Anyway, the next day was a bit better for wind although it was extremely changeable. As I was to find out to my discomfort.

For my first jump of the day all seemed to go well. I was first out which was just as scary as the previous day, but this time I had everything down sweet and it went flawlessly. Had line twists again, seems to be a pretty common problem but very easy to fix if you don't freak out.

I took a bit more time to fool around flying the chute, doing turns and spins, and also having a better look around. Lots of fun.

The landing, on the other hand, not so much fun. Unbeknownst to me the wind had first swung around 180 degrees then dropped to zero on my final approach. This meant that I was quite a bit further away from the target than I should have been and approaching much faster than desirable. I didn't really know any of this at the time, at least not till the very last instant when I noticed that a) the TA was a long way away, and b) the ground was coming up very quickly.

As it was I was spared splatting straight into the ground by the fortuitous placement of a barbed wire fence.

My right leg whacked into one of the posts, spinning me sideways and head-over-heels. I came down shoulder first into the fence then, after losing a little blood and a great deal of fabric from the jumpsuit, went face down into.. well I've no idea. Probably not the barbed wire coz I've still got a face, maybe just some brush, then the ground. I remember the ground.

And my first words upon cheating death?

"Well, that was unpleasant"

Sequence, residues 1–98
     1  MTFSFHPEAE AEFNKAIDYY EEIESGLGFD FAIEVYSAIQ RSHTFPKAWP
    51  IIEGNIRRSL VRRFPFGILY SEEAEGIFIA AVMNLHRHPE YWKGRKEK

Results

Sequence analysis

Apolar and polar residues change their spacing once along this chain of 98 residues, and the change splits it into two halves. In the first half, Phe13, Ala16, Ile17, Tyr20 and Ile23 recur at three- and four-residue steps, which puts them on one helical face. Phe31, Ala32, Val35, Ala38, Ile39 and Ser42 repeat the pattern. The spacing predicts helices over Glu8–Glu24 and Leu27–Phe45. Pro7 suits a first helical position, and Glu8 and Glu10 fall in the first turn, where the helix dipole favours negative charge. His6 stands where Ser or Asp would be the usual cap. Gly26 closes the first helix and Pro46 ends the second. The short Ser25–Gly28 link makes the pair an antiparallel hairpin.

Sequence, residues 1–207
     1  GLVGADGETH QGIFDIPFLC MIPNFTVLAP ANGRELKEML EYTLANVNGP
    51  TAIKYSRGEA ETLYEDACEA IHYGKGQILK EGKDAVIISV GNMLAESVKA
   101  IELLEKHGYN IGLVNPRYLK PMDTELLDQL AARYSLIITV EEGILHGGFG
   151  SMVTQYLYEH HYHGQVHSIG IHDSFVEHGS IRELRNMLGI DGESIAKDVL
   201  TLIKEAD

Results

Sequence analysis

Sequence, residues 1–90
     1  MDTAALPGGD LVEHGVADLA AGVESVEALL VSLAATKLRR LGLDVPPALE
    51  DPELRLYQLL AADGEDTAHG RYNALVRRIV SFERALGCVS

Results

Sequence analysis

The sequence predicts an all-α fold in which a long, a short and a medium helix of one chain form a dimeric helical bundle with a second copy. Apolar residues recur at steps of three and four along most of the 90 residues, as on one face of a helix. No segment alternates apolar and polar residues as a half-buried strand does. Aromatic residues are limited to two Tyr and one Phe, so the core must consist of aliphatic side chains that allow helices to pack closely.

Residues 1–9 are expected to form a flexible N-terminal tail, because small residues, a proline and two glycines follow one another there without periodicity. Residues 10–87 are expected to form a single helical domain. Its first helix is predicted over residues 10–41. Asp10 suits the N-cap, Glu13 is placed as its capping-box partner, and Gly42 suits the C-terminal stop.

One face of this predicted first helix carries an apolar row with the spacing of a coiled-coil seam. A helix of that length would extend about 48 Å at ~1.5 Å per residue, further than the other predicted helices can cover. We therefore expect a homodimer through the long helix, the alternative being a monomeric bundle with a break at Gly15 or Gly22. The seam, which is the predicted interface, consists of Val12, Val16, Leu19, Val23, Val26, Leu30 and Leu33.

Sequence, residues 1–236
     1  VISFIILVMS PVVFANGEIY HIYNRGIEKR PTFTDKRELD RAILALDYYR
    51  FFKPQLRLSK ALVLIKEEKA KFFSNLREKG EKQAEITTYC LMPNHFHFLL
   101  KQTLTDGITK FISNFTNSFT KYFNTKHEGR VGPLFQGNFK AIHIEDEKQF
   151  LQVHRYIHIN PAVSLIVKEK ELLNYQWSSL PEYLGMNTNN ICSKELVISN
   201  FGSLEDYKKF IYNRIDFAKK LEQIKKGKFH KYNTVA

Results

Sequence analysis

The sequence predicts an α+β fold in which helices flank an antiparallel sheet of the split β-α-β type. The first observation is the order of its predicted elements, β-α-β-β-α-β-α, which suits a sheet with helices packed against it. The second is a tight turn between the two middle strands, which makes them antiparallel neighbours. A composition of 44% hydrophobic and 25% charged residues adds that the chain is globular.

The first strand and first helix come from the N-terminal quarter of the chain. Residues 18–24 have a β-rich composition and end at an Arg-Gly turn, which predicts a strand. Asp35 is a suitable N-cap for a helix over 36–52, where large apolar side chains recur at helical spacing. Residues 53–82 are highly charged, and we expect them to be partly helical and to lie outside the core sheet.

Master of understatement me.

But at least they came to get me in the ute so I didn't have to walk all the way back to the hanger. And the chute wasn't too badly ripped - they repaired it and I took it up for my third jump about an hour later.

That one went off without a hitch, although the landing was again a little rough. The wind gods really don't like me much.


Well, there's more but I could just go on for hours about the whole weekend. It was brilliant and I'll be going back for more. Only two more jumps and I get to try freefall! Yeehaa!

tough as nails me..
Originally uploaded by fb.

Friday, December 03, 2004


Bollocks to this, I'm off to Forbes.

To do this.

Hopefully reporting back on sunday. If not, it's free-for-all on my books.

Ciao lovelies.

Thursday, December 02, 2004

scents and sensibilities

Cities stink.

I know this isn't news to anyone but, being a newcomer to a subtropical city that's about 100 times the size of my hometown, the full reeking glory of this place has been impressed upon me recently. And summer isn't really upon us yet..

This morning was a particularly bad one for dogshit. It rained a bit during the night which moistened the aforementioned turds, allowing their delicate aroma to be released, mingling beautifully with the aromatic eucalyptus leaves. A truly retch inspiring scent.

Then there's the all pervasive vehicle exhaust. Choking. Especially on a really hot day (yesterday made 39 degrees, that's about 102 F for those still not in the 21st Century). There's barely enough oxygen in the air to start with so to get a lungful of CO, CO2, sulphur dioxide and partly-combusted hydrocarbons isn't going to improve your mood.

Rubbish day is a particularly pungent time. Bags and bags of decaying matter lining the streets giving off almost visible waves of stench.

Then there's the occasional waft of open sewer, most commonly found near building sites where some jackass with a jackhammer has made an unfortunate excavation.

I thought I'd been inured to foul smells from years of working with the fishies. And, to tell the truth, nothing yet has topped the smell of rotting sea anemone. I gag just remembering that one.. But in any case, my nose hasn't been cauterised nearly enough.

Sydney ain't a city for the faint of snout..

Wednesday, December 01, 2004

fishboy's utopia

Yes! Yes! YES!

(except for the hippy-ass naked people at the end. seriously, what's with that guy's pose?)

(props to Peter M)